Spitfire SSO (Symphony Orchestra) expression maps?

I also see your track inspector shows routing to channel 6. I suspect that should be channel 1?

Nope. It’s the sixth instrument of the Dorico multi instrument I created for this library (which is divided into 14 instruments) to work in Dorico…
FWIW I’ve just updated it to Kontakt 7, not knowing that FredGUnn had solved the problem… In any case, if anyone is interested, it’s available and free — and I added individual outputs, now that I know how it works in Kontakt :person_shrugging:

Yes, but not the instrument being loaded by @Ian_Hook05

Earlier this year, Spitfire released a great update for SSO, let’s call it SSO 2024 : Did anyone begin working on expression maps for it ?

I completed maps for the new SSO 2024 Brass, although as I did it I ran into the realization that for some reason Spitfire didn’t release Trombones with a soloist (only a2 if I recall), which can be unfortunate in a brass ensemble mix when a single Trombone staff suddenly sounds like two players in unison – making it less “complete” feeling to me for proper ensemble writing purposes (odd too, as it’s the only section I believe that is missing a soloist). I am happy with how the Trumpet sounds, though, the legato is pretty agile.

Otherwise the general frustration around dynamic levelling and delay compensation has deterred me from completing all the other sections. I am looking forward to NotePerforming updating their NPPE to support the new SSO (fingers crossed!).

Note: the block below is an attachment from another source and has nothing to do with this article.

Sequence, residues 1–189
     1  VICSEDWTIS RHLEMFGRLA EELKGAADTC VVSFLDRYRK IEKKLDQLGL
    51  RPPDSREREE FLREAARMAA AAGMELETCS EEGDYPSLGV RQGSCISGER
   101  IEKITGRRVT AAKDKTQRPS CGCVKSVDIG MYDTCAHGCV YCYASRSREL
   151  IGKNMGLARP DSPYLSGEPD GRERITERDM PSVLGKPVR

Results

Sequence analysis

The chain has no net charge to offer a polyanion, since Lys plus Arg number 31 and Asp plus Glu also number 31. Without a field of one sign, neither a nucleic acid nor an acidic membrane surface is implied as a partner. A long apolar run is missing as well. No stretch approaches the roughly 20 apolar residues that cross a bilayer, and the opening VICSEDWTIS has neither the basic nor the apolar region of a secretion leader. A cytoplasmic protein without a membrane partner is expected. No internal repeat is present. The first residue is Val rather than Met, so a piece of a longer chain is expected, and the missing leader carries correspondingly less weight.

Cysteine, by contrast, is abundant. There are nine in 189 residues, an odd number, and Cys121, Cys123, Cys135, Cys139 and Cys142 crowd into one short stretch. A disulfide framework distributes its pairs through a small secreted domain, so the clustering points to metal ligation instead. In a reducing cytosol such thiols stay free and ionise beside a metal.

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Oh indeed, forgot Noteperformer may support it ! Do you think it would make expression maps obsolete ?

Yes and no – for my use cases, when writing for orchestral instruments, they have kind of made EMs obsolete primarily because it sounds much better and everything is just simply levelled out and fixed so that I can focus on the reason I’m doing this in the first place: creating music! So in that sense, I have little interest in fighting EMs for instruments which I already have supported by NP.

However, NP is also firmly orchestral in its focus. There isn’t strong support for untraditional instruments. I write a lot of hybrid stuff using all kinds of alternative percussion, unusual string articulations, guitars, dulcimers, mandolins, saxophones in every register, you name it. Also extended playing techniques beyond the norm of traditional orchestral writing. So I still do create a lot of EMs for those one-off instruments, meaning I do not think they would be obsolete for that reason. I am just not going to struggle creating one for a regular violin library that might be already be supported by NP, saving that effort for the more unique sounds I want to use.

Thank you, I’ll have to give this a try. How do you think NPPE compares to a handmade DAW mockup ? Are we finally at the point where notation → music workflow is more straightforward ?